General Election 2019 - possible copyright infringement, actually

Readers from outside of the UK political bubble (and who therefore might not yet be sick of UK politics) may be interested to know that (i) there is a general election on Thursday; and (ii) this election campaign has had more than its fair share of campaigning tactics that are dubious from an IP perspective.

For example, the Conservative Party registered and promoted the site, which contained a critique of the Labour manifesto, via Google Ads on the day of the Labour manifesto launch. The campaign group Led By Donkeys registered, offering it to sell the domain to the real Brexit Party for £1 million (and rising).

It seems, however, that the best has been saved until last. The Conservatives have just released what may well be Boris Johnson's magnum opus, a film that has been dubbed "Brexit, Actually" online:

The film bears a striking resemblance to a well-known scene from Love, Actually, a film written by Richard Curtis (himself a high-profile campaigner and co-founder of Comic Relief). This resemblance is not coincidental, as acknowledged by the video description on YouTube: "Boris Johnson's funny election advert parodies Love Actually but makes an important point."

[Interestingly, this is the second campaign video for this election to evoke the same scene from Love, Actually. Labour candidate Dr Rosena Allin-Khan released a - less faithful - recreation a few weeks ago.]

Copyright infringement? 

It seems safe to assume that Brexit, Actually was not approved by Richard Curtis. To the extent that they are original, both the script and film of Love, Actually qualify for copyright protection in the UK as dramatic works within the scope of section 3(1) of the Copyright, Designs and Patents Act 1988 (CDPA). The works are capable of being performed and have the requisite certainty and unity.

Clearly, there has been copying of the scene. The question is whether what has been taken is a substantial part of Love Actually and/or constitutes the own intellectual creation (OIC) of Mr Curtis.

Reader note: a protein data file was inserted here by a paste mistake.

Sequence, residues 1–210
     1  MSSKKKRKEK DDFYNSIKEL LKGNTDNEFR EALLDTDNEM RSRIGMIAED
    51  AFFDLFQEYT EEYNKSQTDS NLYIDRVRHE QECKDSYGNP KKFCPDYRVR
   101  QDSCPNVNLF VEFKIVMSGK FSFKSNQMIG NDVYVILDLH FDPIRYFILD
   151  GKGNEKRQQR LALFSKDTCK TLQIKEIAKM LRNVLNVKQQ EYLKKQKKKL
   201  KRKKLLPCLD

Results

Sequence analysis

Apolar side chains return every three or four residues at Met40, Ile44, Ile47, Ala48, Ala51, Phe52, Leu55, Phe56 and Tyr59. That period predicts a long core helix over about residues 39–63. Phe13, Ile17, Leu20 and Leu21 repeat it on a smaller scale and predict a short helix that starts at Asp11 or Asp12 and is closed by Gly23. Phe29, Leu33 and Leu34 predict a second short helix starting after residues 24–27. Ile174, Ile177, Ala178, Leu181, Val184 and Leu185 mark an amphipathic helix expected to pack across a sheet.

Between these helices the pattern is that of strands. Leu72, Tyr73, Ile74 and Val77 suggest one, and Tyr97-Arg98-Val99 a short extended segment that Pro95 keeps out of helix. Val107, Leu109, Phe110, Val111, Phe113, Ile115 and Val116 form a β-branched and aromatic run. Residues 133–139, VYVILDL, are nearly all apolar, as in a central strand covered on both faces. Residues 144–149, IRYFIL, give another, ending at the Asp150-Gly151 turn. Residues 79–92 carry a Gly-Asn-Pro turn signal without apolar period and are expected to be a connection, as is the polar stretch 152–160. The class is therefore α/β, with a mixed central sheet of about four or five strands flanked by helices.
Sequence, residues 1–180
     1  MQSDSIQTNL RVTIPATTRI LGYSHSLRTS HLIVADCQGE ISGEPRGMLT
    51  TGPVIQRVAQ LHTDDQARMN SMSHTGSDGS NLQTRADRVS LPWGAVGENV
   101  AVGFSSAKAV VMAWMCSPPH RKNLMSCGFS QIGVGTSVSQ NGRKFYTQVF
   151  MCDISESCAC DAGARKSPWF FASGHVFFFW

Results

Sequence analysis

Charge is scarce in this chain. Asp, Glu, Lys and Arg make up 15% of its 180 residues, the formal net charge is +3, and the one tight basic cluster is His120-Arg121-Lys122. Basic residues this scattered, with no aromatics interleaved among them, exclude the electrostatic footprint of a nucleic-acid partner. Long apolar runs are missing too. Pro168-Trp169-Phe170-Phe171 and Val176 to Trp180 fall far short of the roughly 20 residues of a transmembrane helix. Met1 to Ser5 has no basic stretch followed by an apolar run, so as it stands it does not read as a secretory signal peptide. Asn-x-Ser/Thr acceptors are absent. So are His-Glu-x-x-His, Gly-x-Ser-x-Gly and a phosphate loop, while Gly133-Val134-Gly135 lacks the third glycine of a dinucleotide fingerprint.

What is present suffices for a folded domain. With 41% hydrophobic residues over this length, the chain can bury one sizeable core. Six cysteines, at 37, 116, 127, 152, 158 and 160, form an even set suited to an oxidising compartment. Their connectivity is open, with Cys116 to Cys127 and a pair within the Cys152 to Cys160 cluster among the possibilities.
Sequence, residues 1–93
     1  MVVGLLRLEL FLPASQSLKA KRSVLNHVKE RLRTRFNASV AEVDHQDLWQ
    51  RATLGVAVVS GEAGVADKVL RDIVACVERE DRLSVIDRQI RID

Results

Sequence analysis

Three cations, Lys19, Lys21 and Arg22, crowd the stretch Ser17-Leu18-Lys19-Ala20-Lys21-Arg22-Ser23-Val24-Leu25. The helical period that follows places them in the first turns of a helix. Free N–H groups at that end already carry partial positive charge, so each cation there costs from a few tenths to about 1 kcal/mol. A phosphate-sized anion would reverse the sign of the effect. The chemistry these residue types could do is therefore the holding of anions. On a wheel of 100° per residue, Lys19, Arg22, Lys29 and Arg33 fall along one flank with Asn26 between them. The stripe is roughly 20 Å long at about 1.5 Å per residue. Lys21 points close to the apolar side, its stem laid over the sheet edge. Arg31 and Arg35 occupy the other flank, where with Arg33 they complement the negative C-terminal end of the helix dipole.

In contrast to Norowzian v Arks (in which the defendants' appropriation of the claimant's film was limited to the jump-cutting editing style and certain movements in a different order) there are several similarities between the relevant scene of Love, Actually and Brexit, Actually that go beyond the simple idea of conveying a message silently on a doorstep using cue cards. There are three identical lines in an identical order ("I'll get it"; "It's carol singers" (in response to a cue card reading: "Say it's carol singers"); and "Give them a quid and tell them to bugger off"). The background song, played via a now largely obsolete portable stereo, is the same (Silent Night). Some of the cards are the same or similar ("It's carol singers"; "With any luck, by next year"; "But for now let me say"; "Until I/you look like this"). To the author, we are entering the territory of expression of an idea/OIC rather than an idea per se (notwithstanding that the relevant elements make up only a small part of Love, Actually, as a whole), assuming that the relevant elements are original.


To this GuestKat, the Conservatives' purported defence of parody is flimsy. From Deckmyn, we know that to qualify as a permitted act of parody under section 30A(1) CDPA, the use of a copyright work must (i) be for the purpose of parody; and (ii) fair dealing. Parody is an autonomous concept of EU law, the essential characteristics of which are "first, to evoke an existing work while being noticeably different from it, and, secondly, to constitute an expression of humour or mockery". While Brexit, Actually arguably meets these criteria, in this GuestKat's view there is a fundamental problem: the film has been made for the purpose of making a political point, and the parody element is an incidental, or secondary, purpose.

There is no UK authority on parody under section 30A, but based on the CJEU jurisprudence it seems to this GuestKat that the Conservative Party would be in all sorts of trouble were it to face a copyright infringement claim. There would also be important arguments in relation to fair dealing, such as whether Brexit, Actually amounts to a derogatory treatment of the original work, whether acknowledgement is necessary (and, if so, whether sufficient acknowledgement has been given), etc..

It will be interesting to watch whether any legal action results from Brexit, Actually. Arguably, the horse has already bolted in this case. But that has not stopped authors from taking action in the past, particularly if motivated by matters of principle.

Readers' thoughts are extremely welcome. Thanks to Oriana Williams for the tip-off. 
General Election 2019 - possible copyright infringement, actually General Election 2019 - possible copyright infringement, actually Reviewed by Alex Woolgar on Tuesday, December 10, 2019 Rating: 5

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